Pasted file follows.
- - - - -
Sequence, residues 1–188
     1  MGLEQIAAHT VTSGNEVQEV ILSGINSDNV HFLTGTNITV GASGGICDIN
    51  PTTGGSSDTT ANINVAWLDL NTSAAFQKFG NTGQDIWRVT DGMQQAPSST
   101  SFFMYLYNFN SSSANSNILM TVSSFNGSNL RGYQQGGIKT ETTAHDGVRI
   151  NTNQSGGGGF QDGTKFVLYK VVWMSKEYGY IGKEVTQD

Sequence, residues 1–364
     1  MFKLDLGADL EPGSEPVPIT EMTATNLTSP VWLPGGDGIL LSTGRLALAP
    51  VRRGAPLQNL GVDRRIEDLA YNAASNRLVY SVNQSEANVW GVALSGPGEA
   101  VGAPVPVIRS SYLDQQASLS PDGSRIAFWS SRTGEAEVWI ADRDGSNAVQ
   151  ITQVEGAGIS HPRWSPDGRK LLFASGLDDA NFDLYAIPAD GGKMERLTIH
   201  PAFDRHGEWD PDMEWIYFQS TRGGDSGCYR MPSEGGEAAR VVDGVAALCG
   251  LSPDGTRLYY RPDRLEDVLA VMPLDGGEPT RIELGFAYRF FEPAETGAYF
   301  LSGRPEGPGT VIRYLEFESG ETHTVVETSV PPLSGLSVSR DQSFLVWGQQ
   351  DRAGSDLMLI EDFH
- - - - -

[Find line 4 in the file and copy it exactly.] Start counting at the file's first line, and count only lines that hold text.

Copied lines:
   101  SFFMYLYNFN SSSANSNILM TVSSFNGSNL RGYQQGGIKT ETTAHDGVRI